Ideas about race and eugenics have had a long influence on U.S. immigration and citizenship laws. A pair of historical exhibits ongoing in New York City vividly convey this troubling history. The regulations governing U.S. borders reveal the beliefs of legislators, but also many Americans, regarding what kinds of people are “fit to be citizens.” These two exhibits, “Chinese American: Exclusion/Inclusion” at the New York Historical Society and “Haunted Files: The Eugenics Records Office” at New York University, demonstrate how deeply entrenched such beliefs have been and the many forms of inequality that they produce and signify.
For example, in 1882 the United States set a precedent in making Chinese the first and only group identified by race for severely restricted entry rights into the United States and bars against their naturalization. The so-called Chinese Exclusion Law lay the foundations for future U.S. immigration laws that targeted an expanding array of undesirable people by race, national origin, illiteracy, imbecility, and likelihood to become a public charge. By 1924, a majority of the world’s people, originating everywhere from Palestine to Southeast Asia, could not legally enter the United States and eastern and southern Europeans faced much higher bars against entry than their counterparts from western and northern Europe.
The “science” of eugenics made such immigration controls seem to be a necessity for national preservation. As one slogan claimed: “Every 15 seconds $100 of your money goes for the care of persons with bad heredity,” thereby mandating the use of laws to protect U.S. population, civilization, and resources. Bolstered by protracted schemes to measure quantitatively, systematically categorize, and document racial and other inherited attributes, eugenics bore the force of natural selective processes, thereby tempting its practitioners to intervene in its principles in order to improve the caliber of American human beings. Such quests for a higher order of civilization and society irreparably marginalized and damaged humans identified as inferior by their ancestral traits.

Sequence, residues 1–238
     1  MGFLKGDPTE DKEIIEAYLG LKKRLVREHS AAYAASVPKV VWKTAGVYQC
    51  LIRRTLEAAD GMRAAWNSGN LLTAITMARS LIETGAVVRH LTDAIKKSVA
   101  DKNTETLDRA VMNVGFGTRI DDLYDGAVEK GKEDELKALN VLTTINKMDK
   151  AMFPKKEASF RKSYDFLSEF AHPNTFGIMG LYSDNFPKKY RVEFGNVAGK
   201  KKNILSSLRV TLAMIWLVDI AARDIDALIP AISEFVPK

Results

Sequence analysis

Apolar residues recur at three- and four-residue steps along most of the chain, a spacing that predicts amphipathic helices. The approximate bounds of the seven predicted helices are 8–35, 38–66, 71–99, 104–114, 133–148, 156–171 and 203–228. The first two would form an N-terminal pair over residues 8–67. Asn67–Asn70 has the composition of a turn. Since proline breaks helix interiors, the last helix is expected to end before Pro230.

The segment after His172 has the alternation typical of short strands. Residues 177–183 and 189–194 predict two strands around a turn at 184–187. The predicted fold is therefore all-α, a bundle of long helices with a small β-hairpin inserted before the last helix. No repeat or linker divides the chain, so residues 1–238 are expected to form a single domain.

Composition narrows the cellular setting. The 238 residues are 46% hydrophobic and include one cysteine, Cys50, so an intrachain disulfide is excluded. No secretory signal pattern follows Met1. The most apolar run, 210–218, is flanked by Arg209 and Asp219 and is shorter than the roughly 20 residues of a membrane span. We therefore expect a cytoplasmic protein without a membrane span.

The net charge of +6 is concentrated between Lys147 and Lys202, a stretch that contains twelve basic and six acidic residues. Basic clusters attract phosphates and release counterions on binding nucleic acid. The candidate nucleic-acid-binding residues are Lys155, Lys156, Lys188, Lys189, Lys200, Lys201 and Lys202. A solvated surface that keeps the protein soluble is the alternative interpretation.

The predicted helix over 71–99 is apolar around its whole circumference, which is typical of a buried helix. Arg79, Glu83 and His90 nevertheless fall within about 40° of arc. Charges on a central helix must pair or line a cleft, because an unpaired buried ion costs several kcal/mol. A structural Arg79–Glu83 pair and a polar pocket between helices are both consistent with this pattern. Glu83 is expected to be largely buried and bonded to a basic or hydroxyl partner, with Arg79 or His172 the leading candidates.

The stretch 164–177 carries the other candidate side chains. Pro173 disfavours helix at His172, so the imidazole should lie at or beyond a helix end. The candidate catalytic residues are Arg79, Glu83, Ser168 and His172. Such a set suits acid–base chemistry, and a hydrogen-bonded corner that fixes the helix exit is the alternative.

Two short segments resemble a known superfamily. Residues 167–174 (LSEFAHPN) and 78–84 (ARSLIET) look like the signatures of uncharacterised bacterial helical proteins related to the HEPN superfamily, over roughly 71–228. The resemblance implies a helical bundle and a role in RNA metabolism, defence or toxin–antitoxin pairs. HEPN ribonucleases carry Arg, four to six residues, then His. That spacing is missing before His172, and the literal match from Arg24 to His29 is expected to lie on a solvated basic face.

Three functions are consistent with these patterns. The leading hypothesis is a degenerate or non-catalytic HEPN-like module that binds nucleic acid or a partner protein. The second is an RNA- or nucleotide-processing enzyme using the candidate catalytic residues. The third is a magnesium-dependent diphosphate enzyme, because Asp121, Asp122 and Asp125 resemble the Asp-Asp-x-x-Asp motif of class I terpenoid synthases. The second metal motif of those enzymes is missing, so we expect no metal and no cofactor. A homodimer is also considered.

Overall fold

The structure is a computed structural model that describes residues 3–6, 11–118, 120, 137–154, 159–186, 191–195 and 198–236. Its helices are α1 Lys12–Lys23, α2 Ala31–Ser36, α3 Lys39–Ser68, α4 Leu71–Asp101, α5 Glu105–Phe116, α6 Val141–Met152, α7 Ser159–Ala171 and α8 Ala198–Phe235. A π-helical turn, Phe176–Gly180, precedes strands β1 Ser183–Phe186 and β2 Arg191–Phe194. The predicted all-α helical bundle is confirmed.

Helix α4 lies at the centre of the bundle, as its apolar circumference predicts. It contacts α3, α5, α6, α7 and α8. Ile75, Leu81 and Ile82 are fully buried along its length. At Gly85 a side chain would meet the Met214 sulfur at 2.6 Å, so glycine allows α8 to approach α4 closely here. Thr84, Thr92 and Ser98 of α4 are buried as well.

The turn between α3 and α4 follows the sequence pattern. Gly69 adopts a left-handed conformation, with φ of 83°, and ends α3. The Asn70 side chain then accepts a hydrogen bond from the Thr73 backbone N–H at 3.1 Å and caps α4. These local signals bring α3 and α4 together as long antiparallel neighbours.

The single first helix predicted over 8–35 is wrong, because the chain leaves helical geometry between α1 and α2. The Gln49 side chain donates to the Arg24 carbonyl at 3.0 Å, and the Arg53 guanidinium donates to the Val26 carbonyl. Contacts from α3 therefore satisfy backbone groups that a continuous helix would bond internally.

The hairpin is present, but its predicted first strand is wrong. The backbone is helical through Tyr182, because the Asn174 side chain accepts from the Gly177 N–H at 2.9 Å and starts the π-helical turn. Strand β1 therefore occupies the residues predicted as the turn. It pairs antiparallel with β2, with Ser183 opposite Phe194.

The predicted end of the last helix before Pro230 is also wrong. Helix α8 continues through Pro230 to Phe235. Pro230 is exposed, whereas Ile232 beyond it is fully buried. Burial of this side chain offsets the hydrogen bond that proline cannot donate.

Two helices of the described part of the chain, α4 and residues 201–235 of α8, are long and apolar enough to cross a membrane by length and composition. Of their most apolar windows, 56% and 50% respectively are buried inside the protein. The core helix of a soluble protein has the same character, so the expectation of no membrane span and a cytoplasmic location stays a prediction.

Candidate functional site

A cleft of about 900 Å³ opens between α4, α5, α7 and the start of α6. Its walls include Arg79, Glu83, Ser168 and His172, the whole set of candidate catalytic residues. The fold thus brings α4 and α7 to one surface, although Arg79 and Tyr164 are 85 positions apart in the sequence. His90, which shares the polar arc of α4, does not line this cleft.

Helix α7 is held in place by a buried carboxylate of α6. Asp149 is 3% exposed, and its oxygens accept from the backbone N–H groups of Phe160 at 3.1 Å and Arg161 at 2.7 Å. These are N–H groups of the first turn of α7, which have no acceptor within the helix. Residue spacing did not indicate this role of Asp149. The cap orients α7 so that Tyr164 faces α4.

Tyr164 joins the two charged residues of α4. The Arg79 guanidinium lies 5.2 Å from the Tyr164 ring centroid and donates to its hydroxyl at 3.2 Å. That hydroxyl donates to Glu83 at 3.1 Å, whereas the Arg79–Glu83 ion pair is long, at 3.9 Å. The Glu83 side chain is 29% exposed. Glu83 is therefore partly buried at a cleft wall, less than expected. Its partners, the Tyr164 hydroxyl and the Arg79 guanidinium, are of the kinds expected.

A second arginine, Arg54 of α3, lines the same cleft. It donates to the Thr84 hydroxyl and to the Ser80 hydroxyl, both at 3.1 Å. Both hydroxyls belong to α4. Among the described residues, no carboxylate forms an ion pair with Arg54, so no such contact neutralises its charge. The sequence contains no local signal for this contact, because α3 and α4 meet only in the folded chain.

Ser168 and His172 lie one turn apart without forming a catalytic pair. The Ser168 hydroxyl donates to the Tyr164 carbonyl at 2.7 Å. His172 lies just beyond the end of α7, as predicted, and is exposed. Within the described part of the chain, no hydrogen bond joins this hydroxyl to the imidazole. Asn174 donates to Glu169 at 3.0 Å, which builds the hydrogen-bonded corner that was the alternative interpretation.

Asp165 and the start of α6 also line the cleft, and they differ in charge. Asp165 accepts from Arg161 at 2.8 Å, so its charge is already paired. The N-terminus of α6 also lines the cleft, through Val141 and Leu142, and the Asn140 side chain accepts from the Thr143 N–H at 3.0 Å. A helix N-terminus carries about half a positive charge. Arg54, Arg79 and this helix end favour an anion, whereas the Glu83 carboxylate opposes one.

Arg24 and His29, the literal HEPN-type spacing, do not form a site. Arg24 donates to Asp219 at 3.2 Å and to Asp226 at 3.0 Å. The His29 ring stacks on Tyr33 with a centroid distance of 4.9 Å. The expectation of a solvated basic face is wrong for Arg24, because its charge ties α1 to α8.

In conjunction, “Chinese American: Exclusion/Inclusion” and “The Haunted Files” provoke insights regarding the very close relationships between U.S. immigration laws, our restrictions upon citizenship, and naturalized assumptions about what kinds of persons deserve to join America’s democracy.
Madeline Hsu’s book The Good Immigrants: How the Yellow Peril Became the Model Minority is now available for pre-order from Princeton University Press.
More from our series of history museums:
NEP editor Joan Neuberger visits the Museum of Liverpool
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Madeline Hsu’s article on Chinese Texans
UT Professor of History Philippa Levine on the global history of eugenics